Please use this identifier to cite or link to this item: http://hdl.handle.net/2440/41942
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Type: Journal article
Title: Costs and consequences of treatment for mild gestational diabetes mellitus - evaluation from the ACHOIS randomised trial
Author: Moss, J.
Crowther, C.
Hiller, J.
Willson, K.
Robinson, J.
Citation: BMC Pregnancy and Childbirth, 2007; 7(27):1-7
Publisher: BioMed Central Ltd.
Issue Date: 2007
ISSN: 1471-2393
1471-2393
Organisation: Australian Carbohydrate Intolerance Study in Pregnant Women (ACHOIS) Trial Group
Statement of
Responsibility: 
John R Moss, Caroline A Crowther, Janet E Hiller, Kristyn J Willson and Jeffrey S Robinson for The Australian Carbohydrate Intolerance Study in Pregnant Women (ACHOIS) Trial Group
Abstract: Background: Recommended best practice is that economic evaluation of health care interventions should be integral with randomised clinical trials. We performed a cost-consequence analysis of treating women with mild gestational diabetes mellitus by dietary advice, blood glucose monitoring and insulin therapy as needed compared with routine pregnancy care, using patient-level data from a multi-centre randomised clinical trial. Methods: Women with a singleton pregnancy who had mild gestational diabetes diagnosed by an oral glucose-tolerance test between 24 and 34 weeks' gestation and their infants were included. Clinical outcomes and outpatient costs derived from all women and infants in the trial. Inpatient costs derived from women and infants attending the hospital contributing the largest number of enrolments (26.1%), and charges to women and their families derived from a subsample of participants from that hospital (in 2002 Australian dollars). Occasions of service and health outcomes were adjusted for maternal age, ethnicity and parity. Analysis of variance was used with bootstrapping to confirm results. Primary clinical outcomes were serious perinatal complications; admission to neonatal nursery; jaundice requiring phototherapy; induction of labour and caesarean delivery. Economic outcome measures were outpatient and inpatient costs, and charges to women and their families. Results: For every 100 women with a singleton pregnancy and positive oral glucose tolerance test who were offered treatment for mild gestational diabetes mellitus in addition to routine obstetric care, $53,985 additional direct costs were incurred at the obstetric hospital, $6,521 additional charges were incurred by women and their families, 9.7 additional women experienced induction of labour, and 8.6 more babies were admitted to a neonatal nursery. However, 2.2 fewer babies experienced serious perinatal complication and 1.0 fewer babies experienced perinatal death. The incremental cost per additional serious perinatal complication prevented was $27,503, per perinatal death prevented was $60,506 and per discounted life-year gained was $2,988. Conclusion: It is likely that the general public in high-income countries such as Australia would find reductions in perinatal mortality and in serious perinatal complications sufficient to justify additional health service and personal monetary charges. Over the whole lifespan, the incremental cost per extra life-year gained is highly favourable.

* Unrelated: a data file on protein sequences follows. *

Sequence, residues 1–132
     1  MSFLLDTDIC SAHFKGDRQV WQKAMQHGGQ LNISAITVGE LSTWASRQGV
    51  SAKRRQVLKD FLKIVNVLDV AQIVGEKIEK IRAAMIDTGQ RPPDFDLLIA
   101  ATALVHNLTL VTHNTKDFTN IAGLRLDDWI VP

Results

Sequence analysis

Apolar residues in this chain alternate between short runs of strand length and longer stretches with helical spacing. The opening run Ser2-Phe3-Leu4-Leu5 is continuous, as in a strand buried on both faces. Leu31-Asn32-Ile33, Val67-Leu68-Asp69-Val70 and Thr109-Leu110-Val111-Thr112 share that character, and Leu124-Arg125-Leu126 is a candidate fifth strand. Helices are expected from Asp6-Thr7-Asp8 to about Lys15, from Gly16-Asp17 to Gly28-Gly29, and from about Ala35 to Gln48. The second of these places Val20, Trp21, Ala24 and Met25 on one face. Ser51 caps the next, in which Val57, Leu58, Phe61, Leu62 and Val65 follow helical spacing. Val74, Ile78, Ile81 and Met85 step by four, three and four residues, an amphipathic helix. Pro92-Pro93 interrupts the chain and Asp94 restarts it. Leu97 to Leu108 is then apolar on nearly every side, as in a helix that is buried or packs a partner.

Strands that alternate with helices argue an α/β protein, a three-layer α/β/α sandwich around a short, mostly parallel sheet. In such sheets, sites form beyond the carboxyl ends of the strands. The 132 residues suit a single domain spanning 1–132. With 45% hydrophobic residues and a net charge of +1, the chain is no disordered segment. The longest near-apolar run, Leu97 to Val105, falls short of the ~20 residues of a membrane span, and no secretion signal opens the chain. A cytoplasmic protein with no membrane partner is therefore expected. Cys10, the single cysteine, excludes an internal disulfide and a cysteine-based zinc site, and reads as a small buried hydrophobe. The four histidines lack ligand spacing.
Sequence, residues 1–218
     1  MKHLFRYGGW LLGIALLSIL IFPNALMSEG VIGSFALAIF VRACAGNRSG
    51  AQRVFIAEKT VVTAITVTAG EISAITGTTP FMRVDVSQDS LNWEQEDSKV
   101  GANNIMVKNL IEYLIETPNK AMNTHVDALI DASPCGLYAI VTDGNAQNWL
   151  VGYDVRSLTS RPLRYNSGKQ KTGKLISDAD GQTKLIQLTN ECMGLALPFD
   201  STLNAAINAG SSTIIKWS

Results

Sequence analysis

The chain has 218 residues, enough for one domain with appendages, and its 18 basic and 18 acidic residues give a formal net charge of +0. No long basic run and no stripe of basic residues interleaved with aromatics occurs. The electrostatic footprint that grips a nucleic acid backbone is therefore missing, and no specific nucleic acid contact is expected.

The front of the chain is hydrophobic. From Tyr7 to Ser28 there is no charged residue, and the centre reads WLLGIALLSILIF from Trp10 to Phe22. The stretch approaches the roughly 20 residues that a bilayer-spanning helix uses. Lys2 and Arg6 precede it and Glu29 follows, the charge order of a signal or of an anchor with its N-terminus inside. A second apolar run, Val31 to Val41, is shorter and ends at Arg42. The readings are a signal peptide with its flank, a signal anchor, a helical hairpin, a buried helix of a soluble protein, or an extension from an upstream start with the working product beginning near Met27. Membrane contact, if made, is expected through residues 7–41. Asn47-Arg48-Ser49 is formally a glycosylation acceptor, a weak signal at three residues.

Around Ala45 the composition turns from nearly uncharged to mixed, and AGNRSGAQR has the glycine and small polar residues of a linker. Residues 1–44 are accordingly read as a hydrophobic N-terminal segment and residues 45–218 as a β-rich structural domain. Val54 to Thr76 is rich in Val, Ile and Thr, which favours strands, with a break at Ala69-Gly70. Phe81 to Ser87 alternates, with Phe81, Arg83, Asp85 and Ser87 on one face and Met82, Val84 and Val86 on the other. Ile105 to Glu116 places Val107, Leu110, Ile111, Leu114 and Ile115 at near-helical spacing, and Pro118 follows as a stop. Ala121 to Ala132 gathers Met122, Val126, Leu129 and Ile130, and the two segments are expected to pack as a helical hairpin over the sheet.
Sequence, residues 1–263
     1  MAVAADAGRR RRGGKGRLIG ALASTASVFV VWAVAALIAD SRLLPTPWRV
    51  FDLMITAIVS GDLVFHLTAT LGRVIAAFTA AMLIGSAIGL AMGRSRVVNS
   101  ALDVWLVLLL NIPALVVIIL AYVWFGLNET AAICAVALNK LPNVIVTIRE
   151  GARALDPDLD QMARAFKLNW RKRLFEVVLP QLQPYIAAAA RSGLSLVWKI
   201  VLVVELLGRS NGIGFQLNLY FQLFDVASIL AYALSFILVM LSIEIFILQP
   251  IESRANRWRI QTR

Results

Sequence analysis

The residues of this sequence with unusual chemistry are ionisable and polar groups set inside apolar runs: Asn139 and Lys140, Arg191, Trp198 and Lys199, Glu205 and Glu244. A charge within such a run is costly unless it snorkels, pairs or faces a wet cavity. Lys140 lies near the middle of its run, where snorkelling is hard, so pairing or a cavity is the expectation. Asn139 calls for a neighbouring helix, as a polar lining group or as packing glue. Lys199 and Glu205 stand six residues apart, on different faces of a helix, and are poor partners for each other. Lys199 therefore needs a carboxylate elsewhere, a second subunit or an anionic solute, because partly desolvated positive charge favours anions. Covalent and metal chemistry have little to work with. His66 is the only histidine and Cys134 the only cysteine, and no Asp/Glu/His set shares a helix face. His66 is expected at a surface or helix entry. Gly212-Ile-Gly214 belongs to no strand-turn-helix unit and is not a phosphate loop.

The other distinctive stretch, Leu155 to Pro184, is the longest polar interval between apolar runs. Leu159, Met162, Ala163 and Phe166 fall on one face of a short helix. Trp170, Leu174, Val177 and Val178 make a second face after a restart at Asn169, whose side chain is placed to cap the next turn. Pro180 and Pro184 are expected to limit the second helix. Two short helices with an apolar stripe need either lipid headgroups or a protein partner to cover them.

Keywords: Australian Carbohydrate Intolerance Study in Pregnant Women Group; Humans; Diabetes, Gestational; Hypoglycemic Agents; Prenatal Care; Self Care; Delivery, Obstetric; Diet; Health Knowledge, Attitudes, Practice; Pregnancy; Maternal Welfare; Adult; Infant, Newborn; Outpatients; Cost-Benefit Analysis; Outcome Assessment (Health Care); Australia; Female; Patient Education as Topic
Rights: Copyright © 2007 Moss et al; licensee BioMed Central Ltd. This is an Open Access article distributed under the terms of the Creative Commons Attribution License (http://creativecommons.org/licenses/by/2.0), which permits unrestricted use, distribution, and reproduction in any medium, provided the original work is properly cited.
RMID: 0020075586
DOI: 10.1186/1471-2393-7-27
Published version: http://www.biomedcentral.com/1471-2393/7/27
Appears in Collections:Public Health publications

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